Should I Get the Flu Shot?

Lauren Goldbeck, Alex Pew, Arista Jhanjee, and Kousha Mohseni, MS, National Center for Health Research

It’s that time of year again — time to get your flu shot! Everyone 6 months or older who have no restrictive health conditions is encouraged by the Centers for Disease Control and Prevention (CDC) to get the vaccine every year.1

Flu season usually starts as early as October and can last all the way until May. The flu usually peaks between December and March. The CDC recommends getting vaccinated by the end of October. Even if you don’t get your vaccine by then, it’s good to get vaccinated anytime during the flu season.

Check if your office, school, or local government is giving free flu vaccines first. If not, don’t worry!  Most (if not all) pharmacies and doctors’ offices have the vaccine available and it is free (no co-pay at all) under nearly every insurance plan. Just call first to make sure the vaccine is available.

Thanks to the Affordable Care Act (Obamacare), health insurance companies have to provide free preventive services like the flu shot.2 However, insurance companies can require you to go to certain places to get the shot. You should check with your insurance company first before getting your shot.

What’s New for 2018-2019?

As parents are getting their kids ready for flu season, they need to decide whether their children (or they themselves) should get a flu shot or a flu vaccine that comes in the form of a nasal spray. This spray, known as FluMist, sprays a live virus up your nose via mist and is an alternative for those who don’t like the idea of a flu shot. The CDC did not recommend FluMist for the 2016-2017 and 2017-2018 seasons because they rated the spray as ineffective during those years. However, flu vaccines are revised every year, and the CDC expects that FluMist will be somewhat effective in 2018-2019 for healthy 2 to 49-year-old non-pregnant patients.1

Even though FluMist is less likely to make a child cry than a shot, experts question whether it is a good idea because it is unlikely to be as effective as a flu shot. The American Academy of Pediatrics (AAP) strongly advises parents to choose the traditional flu shot for the 2018-2019 flu season when possible.3 The AAP points out that while the nasal spray is better than nothing, the effectiveness of FluMist has not yet been determined.4

Since the CDC and AAP realize the importance of vaccinating young children to protect from the flu and serious complications that the flu can cause, both are advocating for the same goal. As long as children are protected with a form of the Flu vaccine, a child’s risk of influenza is greatly reduced.  However, experts agree that the best way to protect oneself against different types of flu viruses is with the traditional flu shot. We agree that while the FluMist is better than nothing, you should choose a flu shot whenever possible for you and your children.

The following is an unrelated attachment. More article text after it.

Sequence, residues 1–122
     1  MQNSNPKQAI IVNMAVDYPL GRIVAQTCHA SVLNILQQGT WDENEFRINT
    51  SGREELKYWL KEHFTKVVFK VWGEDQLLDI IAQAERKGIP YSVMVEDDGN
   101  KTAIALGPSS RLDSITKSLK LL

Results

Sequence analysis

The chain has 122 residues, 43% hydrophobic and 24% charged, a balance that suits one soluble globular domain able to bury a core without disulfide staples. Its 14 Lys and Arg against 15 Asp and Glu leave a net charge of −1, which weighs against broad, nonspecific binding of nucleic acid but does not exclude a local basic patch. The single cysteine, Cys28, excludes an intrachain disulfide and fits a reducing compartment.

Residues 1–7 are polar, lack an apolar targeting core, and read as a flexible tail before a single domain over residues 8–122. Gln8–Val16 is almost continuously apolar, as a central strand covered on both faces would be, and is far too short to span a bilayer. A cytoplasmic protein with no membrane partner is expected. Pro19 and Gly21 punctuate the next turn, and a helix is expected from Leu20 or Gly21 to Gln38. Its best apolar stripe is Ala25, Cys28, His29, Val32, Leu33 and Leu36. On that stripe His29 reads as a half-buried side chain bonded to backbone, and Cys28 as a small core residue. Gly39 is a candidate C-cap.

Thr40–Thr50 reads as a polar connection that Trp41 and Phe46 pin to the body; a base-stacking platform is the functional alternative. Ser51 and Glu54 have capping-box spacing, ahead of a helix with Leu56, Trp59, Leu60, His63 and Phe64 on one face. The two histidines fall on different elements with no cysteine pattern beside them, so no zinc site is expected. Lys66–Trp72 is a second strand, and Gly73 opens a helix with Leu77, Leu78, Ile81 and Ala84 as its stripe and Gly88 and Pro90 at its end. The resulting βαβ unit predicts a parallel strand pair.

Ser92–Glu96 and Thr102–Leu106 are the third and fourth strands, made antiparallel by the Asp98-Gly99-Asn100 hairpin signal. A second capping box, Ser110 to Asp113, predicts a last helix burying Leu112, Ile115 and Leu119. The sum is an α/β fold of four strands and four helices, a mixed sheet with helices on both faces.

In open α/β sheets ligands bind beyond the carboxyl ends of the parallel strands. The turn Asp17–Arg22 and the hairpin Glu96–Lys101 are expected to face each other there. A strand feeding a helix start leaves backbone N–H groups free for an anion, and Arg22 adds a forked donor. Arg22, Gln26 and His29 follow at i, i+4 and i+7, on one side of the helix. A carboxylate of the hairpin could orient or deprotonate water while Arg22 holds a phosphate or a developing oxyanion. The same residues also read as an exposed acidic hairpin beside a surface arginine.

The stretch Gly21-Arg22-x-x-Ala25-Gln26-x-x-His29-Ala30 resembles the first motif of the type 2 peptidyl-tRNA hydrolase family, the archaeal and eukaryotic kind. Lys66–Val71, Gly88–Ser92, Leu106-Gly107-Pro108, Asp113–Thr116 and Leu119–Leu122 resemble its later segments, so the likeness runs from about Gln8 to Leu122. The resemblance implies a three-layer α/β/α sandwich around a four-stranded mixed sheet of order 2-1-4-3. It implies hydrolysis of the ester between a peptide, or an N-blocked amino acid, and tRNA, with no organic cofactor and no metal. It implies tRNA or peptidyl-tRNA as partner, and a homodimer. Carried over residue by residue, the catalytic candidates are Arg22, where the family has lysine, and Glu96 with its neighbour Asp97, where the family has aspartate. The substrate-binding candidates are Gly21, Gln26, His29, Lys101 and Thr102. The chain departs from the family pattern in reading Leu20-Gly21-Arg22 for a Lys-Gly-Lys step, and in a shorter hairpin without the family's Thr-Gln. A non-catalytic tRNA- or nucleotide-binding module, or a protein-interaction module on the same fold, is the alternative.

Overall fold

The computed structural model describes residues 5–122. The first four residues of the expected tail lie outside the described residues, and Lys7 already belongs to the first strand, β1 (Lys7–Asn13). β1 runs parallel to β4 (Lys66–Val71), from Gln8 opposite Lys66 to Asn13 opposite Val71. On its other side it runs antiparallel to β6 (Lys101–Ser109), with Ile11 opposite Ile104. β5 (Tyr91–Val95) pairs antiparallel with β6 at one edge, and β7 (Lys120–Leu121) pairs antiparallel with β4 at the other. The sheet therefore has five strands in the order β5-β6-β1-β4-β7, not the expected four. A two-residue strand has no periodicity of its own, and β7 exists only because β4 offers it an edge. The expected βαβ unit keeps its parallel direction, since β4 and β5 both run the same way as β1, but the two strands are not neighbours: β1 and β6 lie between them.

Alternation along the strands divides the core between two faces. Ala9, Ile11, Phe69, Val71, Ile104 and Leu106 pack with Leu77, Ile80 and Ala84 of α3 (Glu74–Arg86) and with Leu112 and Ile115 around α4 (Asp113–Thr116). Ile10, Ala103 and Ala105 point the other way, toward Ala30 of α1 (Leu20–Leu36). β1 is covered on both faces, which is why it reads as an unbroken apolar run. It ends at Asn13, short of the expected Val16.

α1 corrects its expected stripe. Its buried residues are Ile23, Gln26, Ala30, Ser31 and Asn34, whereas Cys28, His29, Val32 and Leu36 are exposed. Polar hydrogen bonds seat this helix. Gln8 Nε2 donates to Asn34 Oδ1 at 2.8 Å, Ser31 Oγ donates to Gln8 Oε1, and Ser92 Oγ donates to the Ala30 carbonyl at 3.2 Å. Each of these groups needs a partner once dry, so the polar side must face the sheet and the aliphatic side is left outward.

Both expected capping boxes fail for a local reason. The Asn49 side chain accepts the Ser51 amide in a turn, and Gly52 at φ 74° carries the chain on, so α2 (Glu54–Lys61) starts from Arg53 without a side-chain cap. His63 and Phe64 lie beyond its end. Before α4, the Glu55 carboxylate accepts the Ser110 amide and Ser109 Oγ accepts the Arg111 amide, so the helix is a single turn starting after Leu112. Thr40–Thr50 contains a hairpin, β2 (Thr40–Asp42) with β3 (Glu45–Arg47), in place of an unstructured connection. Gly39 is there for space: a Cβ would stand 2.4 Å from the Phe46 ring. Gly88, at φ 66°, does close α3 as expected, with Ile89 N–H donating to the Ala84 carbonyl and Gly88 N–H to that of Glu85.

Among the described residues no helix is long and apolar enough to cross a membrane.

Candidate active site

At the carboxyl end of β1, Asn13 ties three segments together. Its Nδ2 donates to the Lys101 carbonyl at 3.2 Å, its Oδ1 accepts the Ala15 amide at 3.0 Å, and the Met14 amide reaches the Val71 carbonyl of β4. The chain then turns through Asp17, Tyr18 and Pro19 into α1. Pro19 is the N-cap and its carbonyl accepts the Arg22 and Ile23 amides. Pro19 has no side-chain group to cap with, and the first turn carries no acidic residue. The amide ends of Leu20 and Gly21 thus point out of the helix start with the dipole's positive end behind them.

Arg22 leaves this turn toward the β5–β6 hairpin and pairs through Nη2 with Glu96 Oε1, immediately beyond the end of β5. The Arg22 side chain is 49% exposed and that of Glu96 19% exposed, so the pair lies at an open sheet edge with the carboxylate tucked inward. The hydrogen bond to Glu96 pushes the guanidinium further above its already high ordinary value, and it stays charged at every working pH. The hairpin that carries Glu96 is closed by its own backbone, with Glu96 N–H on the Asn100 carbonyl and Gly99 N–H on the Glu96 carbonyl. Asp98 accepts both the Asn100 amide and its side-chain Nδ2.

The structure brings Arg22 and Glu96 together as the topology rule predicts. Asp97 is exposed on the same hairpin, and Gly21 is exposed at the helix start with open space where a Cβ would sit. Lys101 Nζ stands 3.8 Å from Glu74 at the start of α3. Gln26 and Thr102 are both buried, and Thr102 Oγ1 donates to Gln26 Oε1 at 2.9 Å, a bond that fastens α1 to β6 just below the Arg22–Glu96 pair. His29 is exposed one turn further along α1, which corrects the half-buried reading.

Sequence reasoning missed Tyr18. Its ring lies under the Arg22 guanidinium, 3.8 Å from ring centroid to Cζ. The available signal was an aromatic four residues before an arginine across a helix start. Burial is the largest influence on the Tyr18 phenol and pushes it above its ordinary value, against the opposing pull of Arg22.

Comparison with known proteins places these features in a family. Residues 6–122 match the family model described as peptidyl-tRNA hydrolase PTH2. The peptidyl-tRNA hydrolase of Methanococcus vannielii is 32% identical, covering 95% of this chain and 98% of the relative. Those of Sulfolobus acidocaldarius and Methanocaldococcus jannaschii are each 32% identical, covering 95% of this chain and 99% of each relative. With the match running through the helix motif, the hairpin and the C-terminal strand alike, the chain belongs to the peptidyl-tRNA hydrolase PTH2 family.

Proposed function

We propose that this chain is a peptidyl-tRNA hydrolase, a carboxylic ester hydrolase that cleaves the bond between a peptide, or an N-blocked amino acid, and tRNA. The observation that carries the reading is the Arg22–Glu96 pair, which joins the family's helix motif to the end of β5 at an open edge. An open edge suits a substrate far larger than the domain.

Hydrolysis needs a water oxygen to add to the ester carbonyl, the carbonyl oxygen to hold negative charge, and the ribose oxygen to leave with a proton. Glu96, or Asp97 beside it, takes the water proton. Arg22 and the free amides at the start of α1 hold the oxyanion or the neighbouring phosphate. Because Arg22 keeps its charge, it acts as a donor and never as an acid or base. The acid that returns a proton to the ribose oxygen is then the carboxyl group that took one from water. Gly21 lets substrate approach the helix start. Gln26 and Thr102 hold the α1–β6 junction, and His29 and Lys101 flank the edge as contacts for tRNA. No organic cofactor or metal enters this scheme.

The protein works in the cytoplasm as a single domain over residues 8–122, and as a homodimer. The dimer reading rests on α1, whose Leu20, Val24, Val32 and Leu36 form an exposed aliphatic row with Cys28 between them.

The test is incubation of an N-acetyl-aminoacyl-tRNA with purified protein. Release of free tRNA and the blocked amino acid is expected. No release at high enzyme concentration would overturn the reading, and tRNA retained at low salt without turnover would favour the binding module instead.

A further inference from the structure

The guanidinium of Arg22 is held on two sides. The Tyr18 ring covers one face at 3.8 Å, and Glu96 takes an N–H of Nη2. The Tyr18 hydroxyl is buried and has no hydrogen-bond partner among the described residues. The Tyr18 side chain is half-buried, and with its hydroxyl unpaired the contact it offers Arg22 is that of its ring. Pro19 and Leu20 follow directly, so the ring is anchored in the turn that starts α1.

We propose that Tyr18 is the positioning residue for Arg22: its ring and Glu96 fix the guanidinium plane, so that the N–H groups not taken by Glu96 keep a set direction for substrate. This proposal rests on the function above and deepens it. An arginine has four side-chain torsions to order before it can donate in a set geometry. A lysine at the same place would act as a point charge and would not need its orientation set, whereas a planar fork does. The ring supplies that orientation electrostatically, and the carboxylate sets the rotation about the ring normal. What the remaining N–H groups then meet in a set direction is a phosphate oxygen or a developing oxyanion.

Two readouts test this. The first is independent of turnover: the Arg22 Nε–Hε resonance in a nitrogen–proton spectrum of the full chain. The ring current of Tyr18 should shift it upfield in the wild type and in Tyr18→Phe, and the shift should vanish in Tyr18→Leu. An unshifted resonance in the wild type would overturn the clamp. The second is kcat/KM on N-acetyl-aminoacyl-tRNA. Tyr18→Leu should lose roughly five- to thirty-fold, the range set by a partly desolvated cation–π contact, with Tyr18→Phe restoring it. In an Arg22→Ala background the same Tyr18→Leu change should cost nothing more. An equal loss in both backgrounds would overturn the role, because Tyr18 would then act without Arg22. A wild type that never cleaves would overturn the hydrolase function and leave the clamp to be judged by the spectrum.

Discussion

How Effective Is the Flu Vaccine in 2018-2019?

The most common flu viruses change every year. Since the new seasonal vaccine requires about 6 months to make, scientists change the flu vaccine every year. Vaccines are made with either three or four viral strains. This year’s vaccine differs from last year’s vaccine by a single strain.  Scientists change the flu vaccine every year to try to make it as effective as possible against the new flu strains that are most common that year, but that can be difficult to predict.5

For this flu season, current evidence shows that the vaccine will reduce your risk of getting the flu by 40 to 60%.Although it’s far from perfect, it’s definitely worth getting.7

Can the Flu Shot Give Me the Flu?

No, the flu shot can’t give you the flu. The flu shot is made of proteins that come from dead viruses, so you can’t get infected. However, the flu shot can cause soreness, redness, or swelling around the injection site. It can also cause a low-grade fever or body aches.8

Things to Remember for Young Children

  • Children aged 6 months to 8 years who have never received a flu vaccine should get two doses of the vaccine. The two doses should be separated by at least 4 weeks.
  • Children aged 6 months to 8 years who have previously received 2 or more vaccine doses only need one dose this year.
  • Because FluMist contains a live flu virus, healthy children should only start using the spray at age 2, and only if they are unable to get the shot instead.1

If I Have Cancer or Am a Cancer Survivor, Should I Get the Flu Shot?

Yes, getting a flu shot is recommended for people with cancer and cancer survivors. It is also important for family members and close friends to get the shot as well. People with cancer or a history of cancer can get more severe flu symptoms that can result in hospitalization and serious conditions if they get the flu. In some cases, patients with certain cancers like leukemia, lymphoma, and myeloma as well as patients who have recently been treated with chemotherapy should preemptively take medication to treat the flu if friends and family around them show signs of the virus.9